Tonight when we were barely watching, he stood up at the piano four times.
It's not the pump and there's not nothing we can do.
Other pains and other stories will come. We are living now, and he is living now.
You couldn't ask for a better little boy.

Poem about the kids sleeping

North Window

The north wind and the county-funded north window are meeting tonight.

The cold comes through the place where the frame is no longer square.
A folded blanket half stops the cold.

Lower, on the floor, the eldest is safe between a nook of wall and a nest
of goose down underblanket.
The youngest turns over, into the turtle of babyhood, his crown now pushed warm against his pillow. I wake and cover him again.

Beneath the window myself, I need my hat as sleepers have for centuries.
If I can stretch my legs warm down the bed, I rest, and there is nothing to say about the night tomorrow.

Care was taken to place this house, and build its walls,
but the wind has its own cares.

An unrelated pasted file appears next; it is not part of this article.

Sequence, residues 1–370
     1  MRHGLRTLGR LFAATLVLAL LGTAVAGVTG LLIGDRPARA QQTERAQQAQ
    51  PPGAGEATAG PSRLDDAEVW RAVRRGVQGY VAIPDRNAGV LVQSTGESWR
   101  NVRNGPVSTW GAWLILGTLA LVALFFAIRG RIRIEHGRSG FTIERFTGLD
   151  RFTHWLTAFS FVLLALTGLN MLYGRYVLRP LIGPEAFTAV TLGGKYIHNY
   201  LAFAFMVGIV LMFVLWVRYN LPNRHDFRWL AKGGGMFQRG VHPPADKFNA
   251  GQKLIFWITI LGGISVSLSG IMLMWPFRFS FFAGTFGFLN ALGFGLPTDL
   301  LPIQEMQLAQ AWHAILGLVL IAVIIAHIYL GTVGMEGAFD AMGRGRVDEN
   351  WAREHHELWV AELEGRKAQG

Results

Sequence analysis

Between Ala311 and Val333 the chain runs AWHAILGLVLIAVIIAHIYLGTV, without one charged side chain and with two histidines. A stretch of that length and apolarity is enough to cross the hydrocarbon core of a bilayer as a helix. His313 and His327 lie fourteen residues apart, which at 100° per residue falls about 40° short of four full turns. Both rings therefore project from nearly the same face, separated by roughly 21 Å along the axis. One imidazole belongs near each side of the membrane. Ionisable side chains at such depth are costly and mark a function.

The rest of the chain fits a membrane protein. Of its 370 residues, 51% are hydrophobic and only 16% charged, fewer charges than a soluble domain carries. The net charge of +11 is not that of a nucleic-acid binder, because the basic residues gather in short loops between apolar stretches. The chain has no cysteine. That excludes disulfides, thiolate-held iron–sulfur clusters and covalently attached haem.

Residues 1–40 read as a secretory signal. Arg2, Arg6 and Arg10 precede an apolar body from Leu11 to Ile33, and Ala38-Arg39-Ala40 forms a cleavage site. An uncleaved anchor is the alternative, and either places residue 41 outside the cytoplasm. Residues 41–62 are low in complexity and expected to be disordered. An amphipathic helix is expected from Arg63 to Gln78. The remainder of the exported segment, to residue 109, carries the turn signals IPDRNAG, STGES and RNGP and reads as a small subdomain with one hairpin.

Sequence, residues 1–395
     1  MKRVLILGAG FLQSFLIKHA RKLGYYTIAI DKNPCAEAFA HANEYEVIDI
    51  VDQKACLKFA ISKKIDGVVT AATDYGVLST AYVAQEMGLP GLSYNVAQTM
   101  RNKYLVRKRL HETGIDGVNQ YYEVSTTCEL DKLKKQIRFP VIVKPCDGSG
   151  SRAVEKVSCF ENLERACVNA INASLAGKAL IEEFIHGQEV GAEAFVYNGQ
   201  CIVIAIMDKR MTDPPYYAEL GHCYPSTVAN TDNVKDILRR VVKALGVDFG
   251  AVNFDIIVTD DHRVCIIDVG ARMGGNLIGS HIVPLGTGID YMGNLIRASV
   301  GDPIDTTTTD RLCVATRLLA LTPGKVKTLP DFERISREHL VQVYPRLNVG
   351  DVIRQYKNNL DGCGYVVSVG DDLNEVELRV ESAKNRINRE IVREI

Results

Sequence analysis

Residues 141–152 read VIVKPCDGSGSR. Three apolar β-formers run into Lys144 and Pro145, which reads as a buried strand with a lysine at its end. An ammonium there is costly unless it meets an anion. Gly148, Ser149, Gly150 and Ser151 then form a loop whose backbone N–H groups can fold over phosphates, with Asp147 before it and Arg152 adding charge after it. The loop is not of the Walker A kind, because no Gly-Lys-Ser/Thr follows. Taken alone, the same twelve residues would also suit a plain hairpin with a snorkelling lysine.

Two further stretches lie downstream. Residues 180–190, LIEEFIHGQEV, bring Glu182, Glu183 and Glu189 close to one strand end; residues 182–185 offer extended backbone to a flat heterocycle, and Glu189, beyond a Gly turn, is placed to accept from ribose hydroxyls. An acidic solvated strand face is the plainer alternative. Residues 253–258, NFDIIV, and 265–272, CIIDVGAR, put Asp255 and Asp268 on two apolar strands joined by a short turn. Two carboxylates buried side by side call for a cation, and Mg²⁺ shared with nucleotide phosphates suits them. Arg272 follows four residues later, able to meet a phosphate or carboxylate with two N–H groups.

The safety in this house is real. Where the wind and the window meet, I would not sleep out there.

Saturday, January 10, 2009

Summing it up

We went to the park today, to the playgroup that we've attended for seven and a half years, and I was reminded that I haven't been keeping people informed about John. I mean, I already knew as 2008 ended that since June, I hadn't updated his website or written much by email to the many people who made it possible for him to attend the last leg of his out-of-state therapy program. I already knew that I'm really, really no good at verbally describing a situation. And I already knew that I was hanging out with people who I see infrequently and even less frequently get to talk to, because that's how it is at the park. You're there to catch up with people and let the kids play. But somehow I was totally unprepared to present our current situation.